4. Journalists know how to have a good time.
I don’t mean to keep shitting on my previous internship, but I think it was after one of the editors ordered the third round of tequila shots for everyone at the intern welcome party that I tried to imagine any of the Defense Department honchos from last summer doing the same. I couldn’t.
5. You can wear whatever you like.
I take that back. I wouldn’t recommend sports bras, beachwear or soccer pinnies. Other than that, most anything else goes—polo shirts, tie-dye shirts, shorts, sneakers, sandals. I’d always pity my friend, who worked at a nearby investment bank, when we’d meet up for lunch. He’d be sweating his ass off in his suit and tie, while I’d be chilling in shorts and a T-shirt.
6. You can travel on someone else’s dime.
It’s true that news publications have cut back dramatically on overseas bureaus and coverage, but plenty of avenues remain to fund your travels through a laptop and an enterprising spirit. Whether you land a gig with a national paper or freelance, there’s something to be said for a job that picks up the tab for your globetrotting adventures.
7. You can make a difference.
Few professions offer as much power to impact important issues and debates. This summer reaffirmed journalism’s enduring influence with a series of bombshell stories, including the Rolling Stone Stanley McChrystal profile and the WikiLeaks revelations. Whether your passions lie in matters a few blocks down the road or a few thousand miles overseas, a compelling story can shed light on forgotten topics and places, shape how your readers see the world around them and effect real change.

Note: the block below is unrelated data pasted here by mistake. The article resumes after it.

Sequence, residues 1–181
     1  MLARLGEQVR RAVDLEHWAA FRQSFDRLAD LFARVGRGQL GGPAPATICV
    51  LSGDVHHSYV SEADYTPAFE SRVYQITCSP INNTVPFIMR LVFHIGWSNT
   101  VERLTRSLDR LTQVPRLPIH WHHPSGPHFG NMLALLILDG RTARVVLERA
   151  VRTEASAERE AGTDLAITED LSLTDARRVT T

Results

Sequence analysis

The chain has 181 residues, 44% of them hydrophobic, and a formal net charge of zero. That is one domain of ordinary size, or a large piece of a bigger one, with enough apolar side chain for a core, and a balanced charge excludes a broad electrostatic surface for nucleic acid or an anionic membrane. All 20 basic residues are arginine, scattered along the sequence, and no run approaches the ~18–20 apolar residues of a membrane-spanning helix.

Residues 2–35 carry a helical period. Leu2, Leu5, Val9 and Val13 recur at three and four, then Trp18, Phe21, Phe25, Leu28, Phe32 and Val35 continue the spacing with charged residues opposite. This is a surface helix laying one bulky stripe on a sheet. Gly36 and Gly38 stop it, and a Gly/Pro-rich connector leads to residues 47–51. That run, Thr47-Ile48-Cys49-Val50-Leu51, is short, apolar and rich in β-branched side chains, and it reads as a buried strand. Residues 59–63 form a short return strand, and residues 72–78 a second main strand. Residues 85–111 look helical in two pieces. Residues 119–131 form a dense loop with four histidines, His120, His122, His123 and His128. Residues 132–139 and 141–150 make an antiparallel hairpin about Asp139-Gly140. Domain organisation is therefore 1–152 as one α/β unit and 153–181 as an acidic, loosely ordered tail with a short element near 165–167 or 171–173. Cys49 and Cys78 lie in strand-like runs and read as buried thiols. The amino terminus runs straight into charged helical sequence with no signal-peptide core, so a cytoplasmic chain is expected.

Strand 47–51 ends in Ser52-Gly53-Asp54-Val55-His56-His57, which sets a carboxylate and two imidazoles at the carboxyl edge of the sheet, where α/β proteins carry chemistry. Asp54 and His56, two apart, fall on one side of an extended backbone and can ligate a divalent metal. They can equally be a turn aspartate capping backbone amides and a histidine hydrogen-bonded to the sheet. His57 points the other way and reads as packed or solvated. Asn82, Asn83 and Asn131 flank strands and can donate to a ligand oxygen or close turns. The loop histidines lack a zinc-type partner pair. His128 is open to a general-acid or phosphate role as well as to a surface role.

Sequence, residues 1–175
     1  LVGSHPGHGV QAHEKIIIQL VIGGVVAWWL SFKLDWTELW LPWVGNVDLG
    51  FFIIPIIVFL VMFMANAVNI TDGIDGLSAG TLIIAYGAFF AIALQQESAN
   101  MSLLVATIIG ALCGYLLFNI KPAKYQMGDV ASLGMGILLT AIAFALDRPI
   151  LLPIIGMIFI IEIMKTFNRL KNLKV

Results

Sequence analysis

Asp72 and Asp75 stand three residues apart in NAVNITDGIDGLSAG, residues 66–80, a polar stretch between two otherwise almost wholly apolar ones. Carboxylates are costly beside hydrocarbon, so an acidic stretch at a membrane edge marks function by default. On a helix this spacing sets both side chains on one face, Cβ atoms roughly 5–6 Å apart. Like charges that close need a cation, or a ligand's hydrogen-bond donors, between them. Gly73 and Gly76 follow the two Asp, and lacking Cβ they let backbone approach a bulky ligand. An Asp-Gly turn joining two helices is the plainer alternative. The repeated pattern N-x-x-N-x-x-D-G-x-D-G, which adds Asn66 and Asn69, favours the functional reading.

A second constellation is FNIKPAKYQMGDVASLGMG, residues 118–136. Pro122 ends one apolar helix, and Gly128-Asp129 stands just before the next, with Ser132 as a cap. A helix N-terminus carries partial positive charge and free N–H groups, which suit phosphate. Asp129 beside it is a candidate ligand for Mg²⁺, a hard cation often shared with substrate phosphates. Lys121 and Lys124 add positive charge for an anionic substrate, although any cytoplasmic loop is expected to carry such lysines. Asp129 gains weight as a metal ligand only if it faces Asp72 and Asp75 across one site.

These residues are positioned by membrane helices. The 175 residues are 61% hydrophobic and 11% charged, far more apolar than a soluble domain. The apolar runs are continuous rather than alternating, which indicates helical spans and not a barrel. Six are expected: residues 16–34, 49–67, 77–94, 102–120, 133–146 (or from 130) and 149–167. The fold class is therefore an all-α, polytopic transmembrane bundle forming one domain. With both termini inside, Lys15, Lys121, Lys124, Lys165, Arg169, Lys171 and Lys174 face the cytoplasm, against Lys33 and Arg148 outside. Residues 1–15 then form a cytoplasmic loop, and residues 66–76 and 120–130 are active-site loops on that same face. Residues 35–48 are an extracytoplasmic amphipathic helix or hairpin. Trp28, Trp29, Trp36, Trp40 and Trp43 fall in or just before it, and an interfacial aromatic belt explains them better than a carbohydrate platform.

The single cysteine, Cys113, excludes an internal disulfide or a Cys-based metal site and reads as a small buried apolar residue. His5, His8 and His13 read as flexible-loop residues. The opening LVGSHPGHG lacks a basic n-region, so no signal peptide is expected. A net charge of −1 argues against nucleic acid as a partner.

Consider this: Nick Kristof has over 165,000 fans on Facebook. Who knew the road to world domination passed through heartrending stories of genocide and human trafficking?
8. Journalism isn’t dead.
Reports of journalism’s death, it turns out, are greatly exaggerated.
Yes, newspapers are shedding jobs. Yes, circulation is down. And yes, much of journalism these days is crap at best, downright poison at worst.
But, I submit, journalism’s future has never been more exciting. Traffic at US newspaper websites is at record highs. Add to that people getting their news from blogs and other nontraditional sources, and the demand for information today is unprecedented. This brave new world of blogs, tweets and retweets, multimedia and social networking can be disorienting for those raised on a steady diet of The New York Times and The New Republic, but for a burgeoning generation of journalists, it provides a unique opportunity to fundamentally shape the direction of an entire industry.
With such immense possibility out there, surely somebody can find a workable business model!
So there’s my pitch. I hope you were persuaded. And if not, you’ve just made my job search for next year a little bit easier.